4 reasons to use Android Fragments
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Although Fragments have been part of the Android API for nearly three years, I find that developers still often struggle to understand their value and purpose. A common explanation of Fragments, and one I sometimes even use myself, is:
Fragments group user interface components and their associated logic.That explanation is accurate. However, if someone is struggling with how to apply Fragments in a practical sense, that explanation is about as useful as teaching someone how to tell time by explaining the finer details of Swiss watch construction … sometimes you just want to know what time it is. So in the spirit of just wanting to know what time it is, here are four places where Fragments prove useful.
1. Dealing with device form-factor differencesThe Activity class is often thought of as the main UI class in Android. It is true that Activities do render the UI for an application but Activities also have a lot of other responsibilities such as lifecycle management, platform interaction, etc. Putting all of this burden within the Activity class creates difficulties in dealing with device form factor differences. Ultimately one of two things happen.
- A single Activity has to provide a lot of special case handling for various form factors
- A separate Activity is created for each form factor with the non-UI details duplicated or otherwise shared across each Activity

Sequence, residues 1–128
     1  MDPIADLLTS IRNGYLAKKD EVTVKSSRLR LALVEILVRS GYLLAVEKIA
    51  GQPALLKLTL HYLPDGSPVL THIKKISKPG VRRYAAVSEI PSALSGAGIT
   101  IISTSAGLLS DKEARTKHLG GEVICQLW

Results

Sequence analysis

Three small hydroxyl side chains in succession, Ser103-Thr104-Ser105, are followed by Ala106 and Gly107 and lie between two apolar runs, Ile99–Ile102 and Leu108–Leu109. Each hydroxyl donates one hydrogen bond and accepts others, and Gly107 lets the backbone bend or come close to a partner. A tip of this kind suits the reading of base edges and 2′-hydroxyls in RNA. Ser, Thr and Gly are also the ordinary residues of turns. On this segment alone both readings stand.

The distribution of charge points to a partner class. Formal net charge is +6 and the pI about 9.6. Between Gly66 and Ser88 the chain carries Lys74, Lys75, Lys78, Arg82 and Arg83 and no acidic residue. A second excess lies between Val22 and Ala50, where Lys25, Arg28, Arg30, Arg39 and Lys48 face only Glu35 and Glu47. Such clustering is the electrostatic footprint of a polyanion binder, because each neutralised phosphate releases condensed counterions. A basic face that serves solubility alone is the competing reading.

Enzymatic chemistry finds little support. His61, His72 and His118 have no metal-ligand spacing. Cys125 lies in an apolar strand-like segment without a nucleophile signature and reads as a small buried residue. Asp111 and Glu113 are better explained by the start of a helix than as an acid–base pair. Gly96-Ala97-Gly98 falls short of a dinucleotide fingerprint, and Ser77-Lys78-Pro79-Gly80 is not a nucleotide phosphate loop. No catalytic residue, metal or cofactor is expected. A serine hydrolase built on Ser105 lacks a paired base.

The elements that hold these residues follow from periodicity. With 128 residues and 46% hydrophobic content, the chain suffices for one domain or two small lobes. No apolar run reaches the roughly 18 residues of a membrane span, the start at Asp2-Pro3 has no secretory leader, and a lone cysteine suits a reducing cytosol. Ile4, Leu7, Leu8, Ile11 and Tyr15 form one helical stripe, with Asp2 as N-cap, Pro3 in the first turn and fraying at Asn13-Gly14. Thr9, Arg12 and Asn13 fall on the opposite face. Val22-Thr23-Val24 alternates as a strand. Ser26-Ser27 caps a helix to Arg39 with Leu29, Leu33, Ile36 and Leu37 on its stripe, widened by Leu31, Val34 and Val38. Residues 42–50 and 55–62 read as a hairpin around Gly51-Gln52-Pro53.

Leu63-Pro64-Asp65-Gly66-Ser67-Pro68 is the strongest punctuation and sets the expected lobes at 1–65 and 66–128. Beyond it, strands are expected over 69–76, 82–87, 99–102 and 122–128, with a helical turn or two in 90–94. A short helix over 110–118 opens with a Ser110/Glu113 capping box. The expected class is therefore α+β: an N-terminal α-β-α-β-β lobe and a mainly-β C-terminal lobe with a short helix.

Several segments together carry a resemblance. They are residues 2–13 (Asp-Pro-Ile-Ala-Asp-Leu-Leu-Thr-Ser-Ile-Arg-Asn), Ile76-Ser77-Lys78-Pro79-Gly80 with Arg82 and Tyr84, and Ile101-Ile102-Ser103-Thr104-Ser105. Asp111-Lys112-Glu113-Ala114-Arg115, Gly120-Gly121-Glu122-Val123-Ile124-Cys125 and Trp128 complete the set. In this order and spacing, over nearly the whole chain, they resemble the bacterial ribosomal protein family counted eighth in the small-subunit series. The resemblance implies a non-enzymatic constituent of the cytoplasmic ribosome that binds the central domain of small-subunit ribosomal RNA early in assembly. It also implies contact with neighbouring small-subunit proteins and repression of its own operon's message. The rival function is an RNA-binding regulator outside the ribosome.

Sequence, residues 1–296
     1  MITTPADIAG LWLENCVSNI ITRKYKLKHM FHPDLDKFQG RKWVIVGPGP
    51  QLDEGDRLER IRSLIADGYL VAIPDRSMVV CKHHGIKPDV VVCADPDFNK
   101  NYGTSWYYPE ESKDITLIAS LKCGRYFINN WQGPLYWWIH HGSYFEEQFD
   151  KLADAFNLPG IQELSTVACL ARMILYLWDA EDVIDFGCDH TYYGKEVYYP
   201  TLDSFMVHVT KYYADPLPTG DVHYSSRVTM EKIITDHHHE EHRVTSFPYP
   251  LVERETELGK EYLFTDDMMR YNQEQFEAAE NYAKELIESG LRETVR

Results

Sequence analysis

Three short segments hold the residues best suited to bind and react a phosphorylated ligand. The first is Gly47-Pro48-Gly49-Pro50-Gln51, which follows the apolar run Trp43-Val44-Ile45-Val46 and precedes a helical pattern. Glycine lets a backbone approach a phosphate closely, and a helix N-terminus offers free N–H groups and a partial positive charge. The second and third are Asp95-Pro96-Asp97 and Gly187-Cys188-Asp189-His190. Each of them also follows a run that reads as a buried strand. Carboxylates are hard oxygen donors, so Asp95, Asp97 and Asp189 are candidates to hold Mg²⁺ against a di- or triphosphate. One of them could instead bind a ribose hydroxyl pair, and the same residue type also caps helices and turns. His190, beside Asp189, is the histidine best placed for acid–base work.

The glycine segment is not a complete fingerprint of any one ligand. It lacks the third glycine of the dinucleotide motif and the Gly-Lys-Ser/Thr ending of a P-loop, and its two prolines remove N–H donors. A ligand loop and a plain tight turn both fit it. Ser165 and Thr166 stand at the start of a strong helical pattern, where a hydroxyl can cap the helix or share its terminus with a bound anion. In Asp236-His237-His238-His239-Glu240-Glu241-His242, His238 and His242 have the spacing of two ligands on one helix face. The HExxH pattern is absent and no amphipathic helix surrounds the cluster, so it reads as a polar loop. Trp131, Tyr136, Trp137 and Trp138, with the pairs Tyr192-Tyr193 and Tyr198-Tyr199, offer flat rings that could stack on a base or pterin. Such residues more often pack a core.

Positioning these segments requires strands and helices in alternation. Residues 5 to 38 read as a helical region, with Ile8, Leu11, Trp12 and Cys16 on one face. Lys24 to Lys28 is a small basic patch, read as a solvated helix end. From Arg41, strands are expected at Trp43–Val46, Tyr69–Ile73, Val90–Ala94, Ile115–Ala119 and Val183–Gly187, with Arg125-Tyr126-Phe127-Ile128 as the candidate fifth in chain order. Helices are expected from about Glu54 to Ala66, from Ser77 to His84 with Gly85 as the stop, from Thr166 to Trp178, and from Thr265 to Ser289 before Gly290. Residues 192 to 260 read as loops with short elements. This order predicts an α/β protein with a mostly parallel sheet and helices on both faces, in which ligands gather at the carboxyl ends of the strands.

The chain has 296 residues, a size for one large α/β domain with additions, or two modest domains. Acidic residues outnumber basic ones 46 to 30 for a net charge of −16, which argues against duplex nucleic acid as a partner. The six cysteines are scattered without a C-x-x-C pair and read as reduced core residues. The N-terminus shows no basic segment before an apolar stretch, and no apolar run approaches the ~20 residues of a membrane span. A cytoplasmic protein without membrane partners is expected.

2. Passing information between app screensHistorically each screen in an Android app was implemented as a separate Activity. This creates a challenge in passing information between screens because the Android Intent mechanism does not allow passing a reference type (i.e. object) directly between Activities. Instead the object must be serialized or a globally accessible reference made available. By making each screen a separate Fragment, this data passing headache is completely avoided. Fragments always exist within the context of a given Activity and can always access that Activity. By storing the information of interest within the Activity, the Fragment for each screen can simply access the object reference through the Activity.
3. User interface organizationTwo of the most common UI metaphors for organizing application screens are Tabs and Dropdown Lists. Tabs are great when there are just a few screens and Dropdown Lists work well when there are several, as when selecting a folder from the Android email app as shown here.
- Tabs use ActionBar.NAVIGATION_MODE_TABS and ActionBar.TabListener
- Dropdown Lists use ActionBar.NAVIGATION_MODE_LIST and ActionBar.OnNavigationListener